In the media

City street at sunset

Our research is regularly cited in national and local news outlets; below is some of our recent press coverage.

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Report warns of a worsening affordability crisis for renters

The economic fallout from the pandemic is hitting the lowest-income renters especially hard. That’s one finding from the new State of the Nation’s Housing report from the Joint Center for Housing Studies at Harvard University.

Consumer Affairs

Single-family home rents are rising at a near-record rate

Because of the growing shortage of available homes to buy or rent, housing costs have been rising sharply for the last three years. In January, even before the pandemic hit, the Harvard Joint Center for Housing Studies issued a report showing that rent affordability was beginning to affect even middle-income consumers.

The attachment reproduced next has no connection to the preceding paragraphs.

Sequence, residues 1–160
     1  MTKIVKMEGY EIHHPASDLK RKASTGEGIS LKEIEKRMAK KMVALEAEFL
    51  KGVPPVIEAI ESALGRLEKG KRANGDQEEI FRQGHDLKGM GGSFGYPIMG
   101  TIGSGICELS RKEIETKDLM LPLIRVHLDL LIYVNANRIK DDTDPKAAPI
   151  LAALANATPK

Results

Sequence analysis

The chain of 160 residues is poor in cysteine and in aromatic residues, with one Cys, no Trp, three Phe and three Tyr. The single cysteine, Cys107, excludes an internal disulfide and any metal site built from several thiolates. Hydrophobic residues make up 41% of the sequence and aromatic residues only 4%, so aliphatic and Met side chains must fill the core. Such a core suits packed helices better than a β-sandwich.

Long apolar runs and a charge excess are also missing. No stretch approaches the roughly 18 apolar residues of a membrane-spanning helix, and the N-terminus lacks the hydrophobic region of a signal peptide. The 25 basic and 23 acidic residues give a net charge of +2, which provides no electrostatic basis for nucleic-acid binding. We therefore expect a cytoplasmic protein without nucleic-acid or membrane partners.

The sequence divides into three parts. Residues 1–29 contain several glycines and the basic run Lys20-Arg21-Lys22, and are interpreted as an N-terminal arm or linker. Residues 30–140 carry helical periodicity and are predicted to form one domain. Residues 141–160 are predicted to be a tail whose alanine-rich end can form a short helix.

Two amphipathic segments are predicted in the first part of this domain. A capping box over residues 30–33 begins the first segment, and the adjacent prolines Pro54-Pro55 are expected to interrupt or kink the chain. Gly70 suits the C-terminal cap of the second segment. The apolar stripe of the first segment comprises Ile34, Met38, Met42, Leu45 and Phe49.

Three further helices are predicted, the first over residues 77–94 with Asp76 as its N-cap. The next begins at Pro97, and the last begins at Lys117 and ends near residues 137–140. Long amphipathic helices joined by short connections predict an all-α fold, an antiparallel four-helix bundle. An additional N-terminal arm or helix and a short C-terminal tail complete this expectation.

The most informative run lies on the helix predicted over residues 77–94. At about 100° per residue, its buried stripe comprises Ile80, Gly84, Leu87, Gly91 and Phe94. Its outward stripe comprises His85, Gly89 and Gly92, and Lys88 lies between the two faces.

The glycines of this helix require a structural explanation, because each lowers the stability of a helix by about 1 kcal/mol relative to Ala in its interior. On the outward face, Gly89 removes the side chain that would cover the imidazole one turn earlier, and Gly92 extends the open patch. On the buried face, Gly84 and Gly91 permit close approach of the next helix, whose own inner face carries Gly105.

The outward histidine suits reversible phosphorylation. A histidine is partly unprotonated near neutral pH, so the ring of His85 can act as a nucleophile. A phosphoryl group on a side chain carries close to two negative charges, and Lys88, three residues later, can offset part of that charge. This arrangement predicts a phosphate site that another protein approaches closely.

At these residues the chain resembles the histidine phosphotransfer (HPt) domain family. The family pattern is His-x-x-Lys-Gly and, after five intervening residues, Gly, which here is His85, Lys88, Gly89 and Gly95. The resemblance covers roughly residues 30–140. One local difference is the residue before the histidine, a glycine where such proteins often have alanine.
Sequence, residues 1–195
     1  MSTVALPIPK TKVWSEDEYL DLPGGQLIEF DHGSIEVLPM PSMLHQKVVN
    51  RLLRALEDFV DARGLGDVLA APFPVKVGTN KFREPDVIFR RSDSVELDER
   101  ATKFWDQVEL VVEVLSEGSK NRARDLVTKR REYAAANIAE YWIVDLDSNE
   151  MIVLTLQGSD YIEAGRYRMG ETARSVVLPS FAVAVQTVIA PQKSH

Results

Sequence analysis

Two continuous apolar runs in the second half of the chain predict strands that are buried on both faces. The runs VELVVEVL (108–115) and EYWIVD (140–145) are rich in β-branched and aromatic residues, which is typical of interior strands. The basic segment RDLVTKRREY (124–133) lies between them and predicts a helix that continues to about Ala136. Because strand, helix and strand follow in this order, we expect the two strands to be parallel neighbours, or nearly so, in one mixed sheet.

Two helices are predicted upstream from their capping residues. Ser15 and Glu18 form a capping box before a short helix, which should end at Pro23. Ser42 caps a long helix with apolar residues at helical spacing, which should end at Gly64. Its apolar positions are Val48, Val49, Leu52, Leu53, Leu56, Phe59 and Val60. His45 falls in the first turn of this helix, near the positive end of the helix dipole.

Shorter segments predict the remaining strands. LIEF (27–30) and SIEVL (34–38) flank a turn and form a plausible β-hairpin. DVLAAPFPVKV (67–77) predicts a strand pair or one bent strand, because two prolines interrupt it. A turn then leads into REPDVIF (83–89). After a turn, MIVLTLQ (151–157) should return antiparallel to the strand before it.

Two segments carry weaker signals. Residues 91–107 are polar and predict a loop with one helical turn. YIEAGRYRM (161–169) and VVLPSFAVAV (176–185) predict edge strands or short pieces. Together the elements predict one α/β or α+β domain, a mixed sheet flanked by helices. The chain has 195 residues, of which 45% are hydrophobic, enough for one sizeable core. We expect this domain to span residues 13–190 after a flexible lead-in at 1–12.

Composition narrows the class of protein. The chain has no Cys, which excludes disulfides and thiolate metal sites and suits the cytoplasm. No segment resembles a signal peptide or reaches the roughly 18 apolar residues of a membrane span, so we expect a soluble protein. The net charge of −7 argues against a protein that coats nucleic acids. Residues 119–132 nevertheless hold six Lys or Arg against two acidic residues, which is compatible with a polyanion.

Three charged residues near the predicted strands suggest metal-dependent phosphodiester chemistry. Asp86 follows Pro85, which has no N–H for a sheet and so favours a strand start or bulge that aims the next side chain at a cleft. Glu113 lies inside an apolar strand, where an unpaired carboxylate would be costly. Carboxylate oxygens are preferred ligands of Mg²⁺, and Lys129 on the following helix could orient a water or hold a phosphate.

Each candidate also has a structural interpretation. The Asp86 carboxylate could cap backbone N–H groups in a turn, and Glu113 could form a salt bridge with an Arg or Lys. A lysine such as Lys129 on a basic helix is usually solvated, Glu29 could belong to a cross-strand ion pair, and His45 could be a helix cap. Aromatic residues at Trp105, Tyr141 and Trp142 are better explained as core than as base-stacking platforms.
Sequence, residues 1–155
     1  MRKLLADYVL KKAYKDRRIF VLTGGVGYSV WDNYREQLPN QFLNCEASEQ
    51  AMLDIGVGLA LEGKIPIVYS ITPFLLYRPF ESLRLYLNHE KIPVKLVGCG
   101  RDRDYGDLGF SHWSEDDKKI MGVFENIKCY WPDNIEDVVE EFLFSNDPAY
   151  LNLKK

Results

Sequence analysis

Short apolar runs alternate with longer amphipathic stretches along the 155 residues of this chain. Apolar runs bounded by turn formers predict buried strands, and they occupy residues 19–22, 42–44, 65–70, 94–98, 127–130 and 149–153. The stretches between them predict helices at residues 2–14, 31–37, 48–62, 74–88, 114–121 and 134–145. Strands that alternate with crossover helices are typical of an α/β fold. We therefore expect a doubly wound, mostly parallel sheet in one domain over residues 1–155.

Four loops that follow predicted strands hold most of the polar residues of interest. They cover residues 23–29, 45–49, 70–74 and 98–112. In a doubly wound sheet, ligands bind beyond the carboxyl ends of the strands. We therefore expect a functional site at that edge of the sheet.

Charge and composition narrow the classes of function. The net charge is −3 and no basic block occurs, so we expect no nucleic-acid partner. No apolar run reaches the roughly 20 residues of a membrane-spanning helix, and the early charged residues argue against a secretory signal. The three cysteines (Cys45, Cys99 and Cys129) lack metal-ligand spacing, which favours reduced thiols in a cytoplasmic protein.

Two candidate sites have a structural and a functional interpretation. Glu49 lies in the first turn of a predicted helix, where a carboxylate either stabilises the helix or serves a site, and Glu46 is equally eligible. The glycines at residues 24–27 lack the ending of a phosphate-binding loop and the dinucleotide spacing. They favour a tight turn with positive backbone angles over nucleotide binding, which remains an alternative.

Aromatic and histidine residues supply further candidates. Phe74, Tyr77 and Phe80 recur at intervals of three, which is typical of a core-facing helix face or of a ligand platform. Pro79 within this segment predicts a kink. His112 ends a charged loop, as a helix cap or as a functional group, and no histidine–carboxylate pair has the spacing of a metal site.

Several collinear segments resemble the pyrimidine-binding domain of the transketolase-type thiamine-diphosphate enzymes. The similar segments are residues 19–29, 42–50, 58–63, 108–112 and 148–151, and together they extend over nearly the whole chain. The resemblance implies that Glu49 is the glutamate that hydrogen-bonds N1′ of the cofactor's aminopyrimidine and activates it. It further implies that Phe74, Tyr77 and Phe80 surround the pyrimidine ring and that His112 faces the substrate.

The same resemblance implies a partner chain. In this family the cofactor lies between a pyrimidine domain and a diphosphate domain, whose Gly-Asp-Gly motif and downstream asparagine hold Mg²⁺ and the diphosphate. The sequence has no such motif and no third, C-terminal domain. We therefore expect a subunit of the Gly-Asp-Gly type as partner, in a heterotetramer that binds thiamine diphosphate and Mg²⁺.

US cities seen ill-prepared for boom in elderly population

“The last thing we want is for people to age in place but never leave their homes,” said Jennifer Molinsky, a report co-author. “So it’s important we create the kind of environment where people are supported and able to be in public spaces.”

Money Magazine

How to Get a Home Improvement Loan

According to the Harvard Joint Center for Housing Studies, in 2017 the median cost of a home improvement project was $1,200.


Renting may be the best option for seniors, study finds

“Older owners living in places with the highest livability are living in places that score particularly highly in transportation, housing and amenities,” said Jennifer Molinsky, senior research associate at the Joint Center for Housing Studies of Harvard University and a Lecturer in Urban Planning and Design.

The Wall Street Journal

Wall Street-Funded Plan to Gentrify Affordable Housing Crumbles in Harlem

According to Harvard University’s Joint Center for Housing Studies, between 2012 and 2017, the US lost 450,000 rental homes priced between $600 and $999 a month and lost 3.1 million homes renting for less than $600 a month. At the same time, the number of apartments renting for more than $1,000 rose by five million.